Caleana major, commonly known as the large duck orchid,[1] is a small orchid found in eastern and southern Australia.[2] This terrestrial plant features a remarkable flower, resembling a duck in flight. The flower is an attractant to insects, such as male sawflies which pollinate the flower in a process known as pseudocopulation.[2] In 1986 this orchid was featured on an Australian postage stamp.[3]

Flying duck orchid
Duck off Elvina.JPG
Scientific classification edit
Kingdom: Plantae
Clade: Tracheophytes
Clade: Angiosperms
Clade: Monocots
Order: Asparagales
Family: Orchidaceae
Subfamily: Orchidoideae
Tribe: Diurideae
Genus: Caleana
C. major
Binomial name
Caleana major
  • Caleya major (R.Br.) R.Br.


Caleana major is a tuberous, perennial herb, usually growing to a height of 200–400 mm (8–20 in) with a single reddish, narrow lance-shaped leaf, 40–130 mm (2–5 in) long, 4–8 mm (0.2–0.3 in) wide and often spotted, emerging at its base. Up to five shiny reddish brown flowers, 20–25 mm (0.8–1 in) long and 6–7 mm (0.2–0.3 in) wide are borne on a thin, wiry flowering stem. (In rare cases, the flower can be greenish with dark spots.) The sepals and petals are 12–15 mm (0.5–0.6 in) long and have pointed tips. The column has broad wings which the dorsal sepal and petals almost touch and the lateral sepals turn back wing-like behind the flower. The labellum is 6–8 mm (0.2–0.3 in) long and 5–6 mm (0.20–0.24 in) wide and resembles the head of a duck on a strap-like "neck". Flowering occurs from September to January.[1][4][5][6]

Taxonomy and namingEdit

Caleana major was first formally described in 1810 by Robert Brown from a specimen he collected at Port Jackson, Bennelong Point in September 1803. The description was published in Prodromus Florae Novae Hollandiae et Insulae Van Diemen.[7][8] The genus name (Caleana) honours George Caley, an early botanical collector[9][10] and the specific epithet (major) is a Latin word meaning "large" or "great".[11]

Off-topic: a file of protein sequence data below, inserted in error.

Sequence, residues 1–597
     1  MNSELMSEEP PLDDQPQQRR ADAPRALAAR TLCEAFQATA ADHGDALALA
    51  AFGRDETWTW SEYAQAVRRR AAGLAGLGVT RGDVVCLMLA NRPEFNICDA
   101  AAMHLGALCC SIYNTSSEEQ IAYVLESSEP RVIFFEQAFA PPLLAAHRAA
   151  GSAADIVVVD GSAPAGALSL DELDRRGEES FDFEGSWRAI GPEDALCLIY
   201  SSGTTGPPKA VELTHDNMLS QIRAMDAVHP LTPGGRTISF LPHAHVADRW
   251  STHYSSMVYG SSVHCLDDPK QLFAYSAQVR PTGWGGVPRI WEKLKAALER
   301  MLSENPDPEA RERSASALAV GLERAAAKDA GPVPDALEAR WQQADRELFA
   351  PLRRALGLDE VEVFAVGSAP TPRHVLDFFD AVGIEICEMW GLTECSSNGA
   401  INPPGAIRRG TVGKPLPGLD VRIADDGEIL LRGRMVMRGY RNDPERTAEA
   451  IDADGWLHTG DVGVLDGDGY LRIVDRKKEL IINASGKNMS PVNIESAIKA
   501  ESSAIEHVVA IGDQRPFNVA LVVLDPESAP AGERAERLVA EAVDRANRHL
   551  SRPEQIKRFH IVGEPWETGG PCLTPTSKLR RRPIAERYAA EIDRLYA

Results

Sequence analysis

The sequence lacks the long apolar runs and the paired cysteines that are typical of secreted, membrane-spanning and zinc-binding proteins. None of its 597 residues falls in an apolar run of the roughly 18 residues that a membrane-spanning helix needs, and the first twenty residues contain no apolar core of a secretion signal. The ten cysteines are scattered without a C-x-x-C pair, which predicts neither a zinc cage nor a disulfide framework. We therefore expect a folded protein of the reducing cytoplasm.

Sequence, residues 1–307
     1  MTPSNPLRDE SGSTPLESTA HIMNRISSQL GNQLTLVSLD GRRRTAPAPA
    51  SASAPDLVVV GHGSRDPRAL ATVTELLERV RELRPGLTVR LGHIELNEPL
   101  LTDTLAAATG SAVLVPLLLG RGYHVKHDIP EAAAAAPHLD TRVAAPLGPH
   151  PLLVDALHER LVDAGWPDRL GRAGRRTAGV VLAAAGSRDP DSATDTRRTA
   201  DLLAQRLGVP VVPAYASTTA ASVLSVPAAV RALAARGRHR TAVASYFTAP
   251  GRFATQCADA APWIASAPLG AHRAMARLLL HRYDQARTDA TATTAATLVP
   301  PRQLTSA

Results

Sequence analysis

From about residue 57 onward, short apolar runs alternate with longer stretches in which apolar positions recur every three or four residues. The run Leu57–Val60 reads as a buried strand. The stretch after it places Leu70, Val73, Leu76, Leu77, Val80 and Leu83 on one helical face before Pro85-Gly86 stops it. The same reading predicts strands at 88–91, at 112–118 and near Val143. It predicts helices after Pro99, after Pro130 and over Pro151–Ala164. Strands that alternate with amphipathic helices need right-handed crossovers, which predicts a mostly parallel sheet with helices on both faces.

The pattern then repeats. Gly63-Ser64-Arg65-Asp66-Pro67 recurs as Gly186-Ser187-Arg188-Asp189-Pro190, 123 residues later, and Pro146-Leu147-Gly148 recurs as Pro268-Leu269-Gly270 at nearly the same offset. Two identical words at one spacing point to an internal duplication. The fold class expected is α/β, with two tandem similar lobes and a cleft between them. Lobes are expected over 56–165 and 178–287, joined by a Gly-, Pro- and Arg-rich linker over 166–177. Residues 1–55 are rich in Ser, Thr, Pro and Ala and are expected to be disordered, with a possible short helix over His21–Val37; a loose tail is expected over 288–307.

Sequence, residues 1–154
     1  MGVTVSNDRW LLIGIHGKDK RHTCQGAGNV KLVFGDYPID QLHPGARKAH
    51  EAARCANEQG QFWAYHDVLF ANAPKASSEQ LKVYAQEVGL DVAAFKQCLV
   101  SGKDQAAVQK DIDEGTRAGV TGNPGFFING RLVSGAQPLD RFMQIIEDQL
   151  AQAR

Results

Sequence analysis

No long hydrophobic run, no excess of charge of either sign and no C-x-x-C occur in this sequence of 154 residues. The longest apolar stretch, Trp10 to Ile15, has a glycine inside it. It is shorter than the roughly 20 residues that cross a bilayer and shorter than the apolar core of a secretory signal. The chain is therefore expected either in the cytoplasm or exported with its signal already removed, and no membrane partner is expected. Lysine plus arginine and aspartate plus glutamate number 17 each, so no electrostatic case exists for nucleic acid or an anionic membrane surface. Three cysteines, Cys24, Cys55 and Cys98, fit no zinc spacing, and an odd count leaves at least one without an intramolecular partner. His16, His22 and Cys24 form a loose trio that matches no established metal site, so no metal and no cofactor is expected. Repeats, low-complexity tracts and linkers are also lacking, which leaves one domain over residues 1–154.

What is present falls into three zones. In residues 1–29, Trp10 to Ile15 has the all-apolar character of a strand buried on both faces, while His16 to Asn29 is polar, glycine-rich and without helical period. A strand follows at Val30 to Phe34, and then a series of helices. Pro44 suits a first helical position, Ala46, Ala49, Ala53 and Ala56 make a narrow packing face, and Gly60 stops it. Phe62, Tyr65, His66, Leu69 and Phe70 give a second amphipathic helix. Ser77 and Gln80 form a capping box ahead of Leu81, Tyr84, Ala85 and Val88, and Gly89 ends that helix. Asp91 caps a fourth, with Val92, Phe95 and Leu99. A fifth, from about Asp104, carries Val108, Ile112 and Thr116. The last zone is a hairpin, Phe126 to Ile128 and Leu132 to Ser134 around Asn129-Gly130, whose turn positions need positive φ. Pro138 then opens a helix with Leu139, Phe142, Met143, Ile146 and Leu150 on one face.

Distribution and habitatEdit

The flying duck orchid occurs in Queensland, New South Wales, Victoria, South Australia and Tasmania,[10][12] growing in eucalyptus woodland, coastal or swampy shrubland and heathland. Mostly near the coast, but occasionally at higher altitudes.[4]


The plant is pollinated by insects. The labellum is held above the flower by a sensitive strap-like stalk. When touched, the labellum turns rapidly downward, trapping a visiting insect between the labellum and column wings.[5][13]


Caleana major has been difficult to maintain in cultivation. Plants flower for one or sometimes two years but progressively weaken until they die.[10]


  1. ^ a b Jeanes, Jeff. "Caleana major". Royal Botanic Gardens Victoria. Retrieved 12 April 2018.
  2. ^ a b Les Robinson - Field Guide to the Native Plants of Sydney, ISBN 978-0-7318-1211-0 page 241
  3. ^ "Australian Plants on Stamps". Australian National Botanic Garden. Retrieved 12 April 2018.
  4. ^ a b Bernhardt, Peter. "Caleana major". Royal Botanic Garden Sydney. Retrieved 12 April 2018.
  5. ^ a b Jones, David L. (2006). A complete guide to native orchids of Australia including the island territories. Frenchs Forest, N.S.W.: New Holland. p. 146. ISBN 1877069124.
  6. ^ "Caleana major". Friends of Lane Cove National Park Inc. Retrieved 12 April 2018.
  7. ^ "Caleana major". APNI. Retrieved 12 April 2018.
  8. ^ Clements, Mark A. (1989). "Catalogue of Australian Orchidaceae". Australian Orchid Research. 1: 33.
  9. ^ Brown, Robert (1810). Prodromus florae Novae Hollandiae et insulae Van-Diemen, exhibens characteres plantarum quas annis 1802-1805. London. pp. 322–329. Retrieved 12 April 2018.
  10. ^ a b c Elliot, Rodger W.; Jones, David L.; Blake, Trevor (1985). Encyclopaedia of Australian Plants Suitable for Cultivation: Vol. 2. Port Melbourne: Lothian Press. p. 408. ISBN 0-85091-143-5.
  11. ^ Brown, Roland Wilbur (1956). The Composition of Scientific Words. Washington, D.C.: Smithsonian Institution Press. p. 461.
  12. ^ "Australian Orchids in New Zealand, National Library of New Zealand".
  13. ^ Fairley, Alan; Moore, Philip (2010). Native Plants of the Sydney Region: An Identification Guide (3rd ed.). Crows Nest, NSW: Jacana Books (Allen & Unwin). p. 563. ISBN 978-1-74175-571-8.

External linksEdit